The major problem will be in handling the issue of any real estate holdings they may have illegally acquired, especially agricultural or plantation land. These may be compulsorily turned into leases and then sold by the holders to bring them into conformity with laws regarding property holdings by foreigners in India.

The central government will also need to improve its border surveillance, to prevent unauthorized or unmonitored entry by migrants into India. Facilities must be provided at designated entry points for incoming foreigners to declare themselves as asylum–seekers and to be processed accordingly. This will enable the government to definitively establish the original nationality/ country from which they entered and to inform that country immediately so that the repatriation of denied asylum seekers can happen expeditiously. 

Advice and support may be sought from the United Nations High Commissioner for Refugees (UNHCR) for dealing with these. The present detention camps may be used as processing centers and funds sought from UNHCR to maintain them temporarily until their claims processing was completed, as is being done in Nepal for their asylum seekers from Bhutan.

This new policy, if accepted and legalized, will provide the structure for humane treatment of those unfortunate persons displaced from their original homes by persecution, climate change, or economic hardship, reduce the burden on the national exchequer, transfer the maintenance onus on to the UNHCR, allow expeditious claims processing, prompt and definitive repatriation of refused applicants, give dignity and possibility of earning legitimate livelihoods to accepted claimants, add to India’s capability and prosperity, bring more diversity into its cultural and social milieu, earn some support from the accepted claimants, reduce crime and put into real and visible practical practice India’s long cultural tradition of  "Vasudhaiva Kutumabakam" (the world is one family).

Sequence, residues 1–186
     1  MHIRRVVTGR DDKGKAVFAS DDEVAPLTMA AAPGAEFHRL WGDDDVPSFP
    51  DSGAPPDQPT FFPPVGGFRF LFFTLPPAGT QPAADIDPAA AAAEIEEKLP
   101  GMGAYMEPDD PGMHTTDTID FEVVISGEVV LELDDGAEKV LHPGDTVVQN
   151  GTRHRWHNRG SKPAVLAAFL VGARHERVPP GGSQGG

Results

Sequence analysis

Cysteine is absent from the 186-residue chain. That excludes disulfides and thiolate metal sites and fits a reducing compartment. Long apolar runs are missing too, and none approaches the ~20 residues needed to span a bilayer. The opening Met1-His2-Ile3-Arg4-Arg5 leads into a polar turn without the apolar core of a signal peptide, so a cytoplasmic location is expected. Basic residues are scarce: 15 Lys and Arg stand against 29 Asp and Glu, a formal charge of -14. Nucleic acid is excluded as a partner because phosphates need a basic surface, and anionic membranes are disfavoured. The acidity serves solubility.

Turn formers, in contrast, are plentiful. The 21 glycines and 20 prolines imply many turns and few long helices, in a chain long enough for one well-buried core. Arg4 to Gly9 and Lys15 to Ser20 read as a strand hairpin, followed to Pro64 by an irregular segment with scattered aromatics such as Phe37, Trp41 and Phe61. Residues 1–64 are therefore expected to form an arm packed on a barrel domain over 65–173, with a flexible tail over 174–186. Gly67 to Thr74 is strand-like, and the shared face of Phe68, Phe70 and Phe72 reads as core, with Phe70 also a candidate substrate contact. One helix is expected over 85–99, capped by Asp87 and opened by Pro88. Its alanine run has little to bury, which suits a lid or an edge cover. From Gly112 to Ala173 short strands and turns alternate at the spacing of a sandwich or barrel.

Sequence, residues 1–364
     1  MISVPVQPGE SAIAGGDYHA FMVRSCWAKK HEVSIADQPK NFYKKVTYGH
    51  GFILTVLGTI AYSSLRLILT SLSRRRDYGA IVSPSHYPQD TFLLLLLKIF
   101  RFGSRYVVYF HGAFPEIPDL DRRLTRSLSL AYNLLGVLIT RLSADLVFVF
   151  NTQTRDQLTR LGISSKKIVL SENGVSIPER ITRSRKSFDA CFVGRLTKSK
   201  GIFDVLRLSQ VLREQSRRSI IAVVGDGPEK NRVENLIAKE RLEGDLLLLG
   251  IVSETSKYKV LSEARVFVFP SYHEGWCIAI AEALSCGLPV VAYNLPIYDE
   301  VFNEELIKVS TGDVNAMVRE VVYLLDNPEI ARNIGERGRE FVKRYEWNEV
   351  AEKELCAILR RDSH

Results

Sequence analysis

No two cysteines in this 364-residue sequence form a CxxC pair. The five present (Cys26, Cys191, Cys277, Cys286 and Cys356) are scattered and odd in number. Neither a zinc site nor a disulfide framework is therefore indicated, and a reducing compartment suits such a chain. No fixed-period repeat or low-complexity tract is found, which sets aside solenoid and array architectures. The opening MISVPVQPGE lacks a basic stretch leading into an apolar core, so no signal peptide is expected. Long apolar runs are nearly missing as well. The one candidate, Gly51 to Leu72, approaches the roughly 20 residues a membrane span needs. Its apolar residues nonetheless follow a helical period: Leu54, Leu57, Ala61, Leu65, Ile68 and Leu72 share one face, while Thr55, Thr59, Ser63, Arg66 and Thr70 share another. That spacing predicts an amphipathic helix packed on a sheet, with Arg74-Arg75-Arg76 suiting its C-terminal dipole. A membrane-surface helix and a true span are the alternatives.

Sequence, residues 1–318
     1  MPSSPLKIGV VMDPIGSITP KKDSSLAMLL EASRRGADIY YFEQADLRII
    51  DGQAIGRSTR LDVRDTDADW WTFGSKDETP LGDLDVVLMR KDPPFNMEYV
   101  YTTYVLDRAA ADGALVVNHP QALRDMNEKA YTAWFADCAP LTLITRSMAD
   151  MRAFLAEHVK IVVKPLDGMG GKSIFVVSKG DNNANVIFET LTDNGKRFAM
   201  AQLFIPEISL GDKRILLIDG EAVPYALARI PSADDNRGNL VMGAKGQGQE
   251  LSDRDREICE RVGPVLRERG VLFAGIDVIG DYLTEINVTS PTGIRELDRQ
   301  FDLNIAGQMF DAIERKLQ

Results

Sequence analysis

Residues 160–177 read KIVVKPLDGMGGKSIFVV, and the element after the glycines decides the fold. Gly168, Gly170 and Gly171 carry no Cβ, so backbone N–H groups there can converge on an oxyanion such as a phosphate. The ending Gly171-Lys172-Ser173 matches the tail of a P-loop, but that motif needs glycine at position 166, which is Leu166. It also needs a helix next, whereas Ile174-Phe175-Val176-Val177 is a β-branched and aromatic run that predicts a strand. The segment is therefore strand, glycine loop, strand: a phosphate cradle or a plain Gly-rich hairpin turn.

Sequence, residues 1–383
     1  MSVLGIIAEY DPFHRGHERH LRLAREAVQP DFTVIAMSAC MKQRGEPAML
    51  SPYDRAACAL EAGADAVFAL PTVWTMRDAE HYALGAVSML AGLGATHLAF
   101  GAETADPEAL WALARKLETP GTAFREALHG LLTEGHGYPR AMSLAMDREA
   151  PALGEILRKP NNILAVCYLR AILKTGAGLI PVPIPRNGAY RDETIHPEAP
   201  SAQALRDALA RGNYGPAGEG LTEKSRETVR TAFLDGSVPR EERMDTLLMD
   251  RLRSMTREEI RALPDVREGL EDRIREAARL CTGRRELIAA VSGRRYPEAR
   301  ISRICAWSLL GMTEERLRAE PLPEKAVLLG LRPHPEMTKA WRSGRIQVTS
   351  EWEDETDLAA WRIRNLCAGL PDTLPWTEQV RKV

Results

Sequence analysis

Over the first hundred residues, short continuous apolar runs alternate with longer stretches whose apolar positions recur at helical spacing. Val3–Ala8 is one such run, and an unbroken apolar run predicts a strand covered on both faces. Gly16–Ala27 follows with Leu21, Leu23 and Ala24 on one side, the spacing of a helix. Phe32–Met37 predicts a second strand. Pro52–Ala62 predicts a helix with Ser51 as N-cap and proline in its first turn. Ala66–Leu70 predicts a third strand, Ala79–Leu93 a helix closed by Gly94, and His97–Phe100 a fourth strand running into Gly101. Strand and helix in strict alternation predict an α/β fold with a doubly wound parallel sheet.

Fifty years after India’s generosity towards East Pakistan refugees in 1971 and 62 years after the country welcomed Tibetan spiritual leader Dalai Lama and his retinue who crossed over to India in 1959, adherence to India's tradition remains the need of the hour.

(The writer is a former Indian ambassador. The views expressed are personal.  He can be reached at